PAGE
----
Just over four years ago, I participated in “Movember” by not shaving my armpits. I am not a very hairy person to begin with, so I had quit shaving my legs the year before. It was a decision initially rooted in the prospect of eliminating another mundane task from my daily hygiene routine coupled with a complete disinterest in pursuing a love life, but it evolved into a fierce component of my autonomy as a woman. “What else could I grow out that would have some sort of personal significance,” I thought to myself. It ended up being my pit hair.
I absorbed the idea that woman = hairless almost by osmosis. I remember sneaking into my parents’ shower when they were still at work so I could use my mom’s razor to shave my legs. In junior high, I got the best piece of makeup advice I’ll ever receive from my friend in P.E.: Never pluck above; only underneath. By that time, girls were already getting things waxed.
By high school, it was pubes that had to be eliminated. I could never stomach a Brazilian so it was shave, shave, shave. I never took the time to think about how it looks, to shave all of my pubic hair. It was kind of gross to me, in a prepubescent way. I had just become a woman in most senses of the word -so, why was I supposed to look like a little girl? There of all places? Don’t get me wrong: women all have their own reasons for doing things and I respect everyone’s right to do as they see fit with their own hair. The effect is still off-putting for me personally. But enough about vaginas. This is about armpits.
So I grew them out. It was the only time in my life I had ever made a conscious decision not to shave my armpits, so I saw what my natural body hair looked like literally for the first time. And well, it looks like armpit hair. But there is something nice about it – it’s soft and still a little wiry and somehow a little lighter than the hair on my head.
I haven’t shaved them since that first day of November four years ago. The biggest thing I noticed and still struggle with is that I’m self-conscious about it. Seldom will I wear anything sleeveless out in public without a sweater over it. Even knowing all my reasons for maintaining this personal grooming decision, and even feeling passionate about them, I’m still very susceptible to feeling like I’m doing something wrong. Why?
The obvious answer is that it has been ingrained in my (and probably your) head since I was a little girl that women are supposed to be soft and smooth and hairless. That women with any kind of facial or body hair are “gross” and don’t “take care of themselves.” But how many times have straight/bi women had to cuddle under the hairy ass arm of some sweaty dude? Sure, there are some men who adhere to the hairless standard themselves, but they are few and far between in my experience. And honestly, like who actually gives a shit?
This experiment made me realize how completely I had adhered to this standard of feminine beauty without ever really thinking about it. Why are women “supposed” to be hairless? Is it because it’s more pleasing to a man’s touch? If that’s the reason, why do women of all sexual identities also shave? It it more aesthetically pleasing? Probably, but wouldn’t that also be due to our ubiquitous exposure to this one beauty standard? Is it “cleaner” or “healthier?” Well, no, we have body hair for a number of reasons, including protecting sensitive areas of our bodies from exposure to pathogens and better regulating our body temperature.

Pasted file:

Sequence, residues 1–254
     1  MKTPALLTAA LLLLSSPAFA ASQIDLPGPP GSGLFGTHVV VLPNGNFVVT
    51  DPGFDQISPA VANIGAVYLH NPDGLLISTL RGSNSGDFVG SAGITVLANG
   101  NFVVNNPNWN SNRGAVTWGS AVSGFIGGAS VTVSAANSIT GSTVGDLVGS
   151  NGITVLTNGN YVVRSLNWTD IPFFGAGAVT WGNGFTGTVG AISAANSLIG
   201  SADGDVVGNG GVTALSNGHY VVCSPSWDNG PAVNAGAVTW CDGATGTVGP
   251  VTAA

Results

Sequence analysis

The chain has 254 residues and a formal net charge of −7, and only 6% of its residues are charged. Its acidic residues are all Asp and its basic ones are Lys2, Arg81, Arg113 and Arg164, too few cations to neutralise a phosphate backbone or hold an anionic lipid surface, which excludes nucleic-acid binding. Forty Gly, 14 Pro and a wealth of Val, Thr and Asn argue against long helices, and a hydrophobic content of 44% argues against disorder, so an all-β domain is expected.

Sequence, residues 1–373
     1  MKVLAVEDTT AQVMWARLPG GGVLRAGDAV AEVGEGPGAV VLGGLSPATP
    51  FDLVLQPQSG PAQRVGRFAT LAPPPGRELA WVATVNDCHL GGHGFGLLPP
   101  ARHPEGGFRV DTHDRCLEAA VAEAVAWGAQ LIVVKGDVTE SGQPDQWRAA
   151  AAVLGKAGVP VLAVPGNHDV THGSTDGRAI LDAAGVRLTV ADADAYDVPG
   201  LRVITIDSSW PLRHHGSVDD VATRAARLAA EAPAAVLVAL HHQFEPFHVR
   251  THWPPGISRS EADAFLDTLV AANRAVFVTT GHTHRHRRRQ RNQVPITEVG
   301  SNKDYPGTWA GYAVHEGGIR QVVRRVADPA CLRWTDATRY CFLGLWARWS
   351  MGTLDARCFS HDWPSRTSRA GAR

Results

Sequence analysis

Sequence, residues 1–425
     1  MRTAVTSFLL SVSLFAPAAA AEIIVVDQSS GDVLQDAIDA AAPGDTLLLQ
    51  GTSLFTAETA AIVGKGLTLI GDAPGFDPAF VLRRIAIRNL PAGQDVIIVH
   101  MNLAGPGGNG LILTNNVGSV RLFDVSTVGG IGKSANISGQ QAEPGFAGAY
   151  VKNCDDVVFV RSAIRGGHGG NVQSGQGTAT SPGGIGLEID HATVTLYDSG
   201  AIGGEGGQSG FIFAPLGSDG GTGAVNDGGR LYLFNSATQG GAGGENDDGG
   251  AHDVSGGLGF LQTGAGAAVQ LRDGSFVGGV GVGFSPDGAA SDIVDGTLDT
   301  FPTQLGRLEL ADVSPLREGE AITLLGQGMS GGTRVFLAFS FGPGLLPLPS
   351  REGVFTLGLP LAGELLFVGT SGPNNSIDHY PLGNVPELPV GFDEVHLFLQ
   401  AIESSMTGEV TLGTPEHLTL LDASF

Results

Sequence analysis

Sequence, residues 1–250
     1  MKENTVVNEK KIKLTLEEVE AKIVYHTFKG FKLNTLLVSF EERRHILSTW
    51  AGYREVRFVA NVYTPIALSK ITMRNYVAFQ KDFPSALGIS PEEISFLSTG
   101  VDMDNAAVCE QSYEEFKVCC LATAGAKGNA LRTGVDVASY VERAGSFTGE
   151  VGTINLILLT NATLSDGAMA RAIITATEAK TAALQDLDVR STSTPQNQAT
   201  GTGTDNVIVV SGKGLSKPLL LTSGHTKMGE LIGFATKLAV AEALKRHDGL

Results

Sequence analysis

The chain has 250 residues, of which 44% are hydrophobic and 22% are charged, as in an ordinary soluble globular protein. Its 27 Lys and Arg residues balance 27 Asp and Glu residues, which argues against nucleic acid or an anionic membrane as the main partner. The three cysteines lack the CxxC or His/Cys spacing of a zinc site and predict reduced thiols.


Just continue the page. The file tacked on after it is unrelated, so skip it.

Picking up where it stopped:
Once I asked myself these questions, I got angry. I had been doing something for the majority of my life, usually every day, that was completely unnecessary. Shaving serves no practical purpose and is very often painful, uncomfortable, and annoying (see waxing, razor burn, having to shave every day, etc.) to boot. I think the part that made me the angriest, however, was the realization that I still feel like I’m doing something wrong.
In German, pubic hair is called “Schamhaar,” which literally translates to “shame hair.” This word perfectly describes my troubled relationship with my body hair. I look at my husband, who is about as hairy a man as you can imagine, and he looks great. I think every new person I’ve ever introduced him to compliments him on his beard. Why do men get to have their hair celebrated and ours is scrutinized? It’s not fair.
So here’s the deal. Ladies & femmes, I’m not advocating that you stop shaving and be one of those loud, hairy feminists like me. All I’m saying is stop and think about why you’re doing what you’re doing. Is it because you like it better, or is it because it would be strange (to you and to others) not to? In my personal experience, it was the latter. The only way to change a social norm is to challenge it and to think critically about how we pass along the message to our kids.
I saw a great episode of Bob’s Burgers where Tina realizes she has leg hairs and doesn’t want her classmates to make fun of her about them. Her dad takes her to go wax her legs, where he gets it done too out of solidarity. When someone later refers to body hair as “your little friends,” Tina thinks about body hair in a different way and starts to regret her decision:
The episode ends with the message that everyone gives into peer pressure sometimes, but the most important thing you can do is learn from it and decide for yourself what makes you happy.
For me, for now, not shaving feels liberating. It feels natural and rebellious. I still have to confront my own reservations and I still cringe a bit when I think about what other people might think if they knew or saw. It may be a little thing, but breaking down this barrier for myself has made me feel bold and brave – and that’s a great way for all women to feel.